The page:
Like many other holidays, Halloween has evolved and changed throughout history. Over 2,000 years ago people called the Celts lived in what is now Ireland, the UK, and parts of Northern France. November 1 was their New Year’s Day. They believed that the night before the New Year (October 31) was a time when the living and the dead came together.
This day marked the end of summer and the harvest and the beginning of the dark, cold winter. Celts believed that on the night before the new year, the boundary between the worlds of the living and the dead became blurred. On the night of October31, weird creatures with strange powers could wander about on Earth. Then the Celts had a big party. It was all about scaring away the ghosts and spirits. Later, with the Christian religion, the day became known as All Hallows’ Eve – the day before All Saints’ Day on 1 November.
How to Celebrate Halloween
Planning a Halloween Party
If you decide to host a party, encourage your invited guests to show up in costume. You might select a particular theme, such as vampires or Star Wars characters, or you could simply let everyone show off their creativity in a costume of their choosing. For larger parties, you might even hold a contest and have the other partygoers vote on their favorite costumes. Offer prizes for different categories, such as “overall best,” “scariest,” “funniest,” and “most clever idea.”
Offer an assortment of scrumptious Halloween-themed treats
Set out trays piled high with tantalizing sweets like cookies, cupcakes, and chocolates, or keep it simple with a few baskets of candy. If you have a knack for food decoration, this can be a great opportunity to conduct mad science experiments on your own Halloween-themed confections, such as candy apple skulls, vampire fang cookies, and layered candy corn parfaits. Don’t forget to also provide a few nutritious snacks, like a veggie tray or some homemade granola bars, for your more health-conscious guests.
Playing the Classic Game
Bobbing for apples is a traditional autumnal game enjoyed by people of all ages. It requires nothing more than a large tub of water, enough apples to cover the surface and a group of people willing to get their faces soaking wet. A variation of the game includes hanging apples from strings and attempting to catch them with your teeth as they swing and sway. Each game is a lot of fun to play, and they are great activities for your next Halloween party.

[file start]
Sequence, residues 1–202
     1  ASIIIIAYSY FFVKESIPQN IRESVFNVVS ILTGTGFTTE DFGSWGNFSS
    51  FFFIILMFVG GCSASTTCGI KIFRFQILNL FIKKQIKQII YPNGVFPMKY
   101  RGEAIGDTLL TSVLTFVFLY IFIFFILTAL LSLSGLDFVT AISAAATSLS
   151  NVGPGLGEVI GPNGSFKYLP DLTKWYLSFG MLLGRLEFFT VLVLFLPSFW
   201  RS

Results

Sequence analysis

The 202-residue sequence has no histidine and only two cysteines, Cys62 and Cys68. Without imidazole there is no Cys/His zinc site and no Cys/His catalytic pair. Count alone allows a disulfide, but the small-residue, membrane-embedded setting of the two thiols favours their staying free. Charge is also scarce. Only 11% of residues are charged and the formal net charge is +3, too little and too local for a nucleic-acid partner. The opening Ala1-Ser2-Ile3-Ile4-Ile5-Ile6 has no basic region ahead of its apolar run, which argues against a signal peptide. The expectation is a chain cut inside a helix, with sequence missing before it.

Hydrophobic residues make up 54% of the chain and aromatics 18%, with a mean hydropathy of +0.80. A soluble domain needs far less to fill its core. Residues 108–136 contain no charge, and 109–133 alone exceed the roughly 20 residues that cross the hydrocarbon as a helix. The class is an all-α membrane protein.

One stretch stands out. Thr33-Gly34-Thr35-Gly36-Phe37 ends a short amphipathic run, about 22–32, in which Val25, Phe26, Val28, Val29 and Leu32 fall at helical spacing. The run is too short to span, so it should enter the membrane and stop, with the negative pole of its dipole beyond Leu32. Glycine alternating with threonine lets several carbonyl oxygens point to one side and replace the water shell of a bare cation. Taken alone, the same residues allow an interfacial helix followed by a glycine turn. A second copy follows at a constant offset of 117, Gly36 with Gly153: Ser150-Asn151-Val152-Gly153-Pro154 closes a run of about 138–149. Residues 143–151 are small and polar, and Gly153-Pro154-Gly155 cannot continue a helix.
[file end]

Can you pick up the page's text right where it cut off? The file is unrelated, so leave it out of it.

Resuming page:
Give Out Candy on Halloween
Halloween wouldn’t be Halloween without tons of candy—and the people who hand it out! If you’re on candy duty this year, be prepared for lots of fun costumes and get ready to make kids’ nights with some sugary treats. Buy a couple of bags, pop in a scary movie while you wait, and get ready to jump up when the trick or treaters come knocking!
Watch scary movies
Many TV stations run Halloween movie marathons, so settle in, watch a few horror flicks, and take it easy. Many online movie streaming services bulk up their Halloween offerings around the month of October, so you should have plenty of movies to pick from. There are a lot of new television series that have a scary twist to them, like American Horror Story and Supernatural. Try watching one of those if you can’t find a movie you like.
Read scary stories
There are many collections of short scary stories available, and you can find many of them at your local library, or online. Spend some time reading scary stories to give yourself a good scare without leaving the house. There are also a good amount of podcasts you could listen to that tell scary stories. This could be especially fun to do in the dark with your headphones on. Some popular collections of scary stories include the Scary Stories to Tell in the Dark series.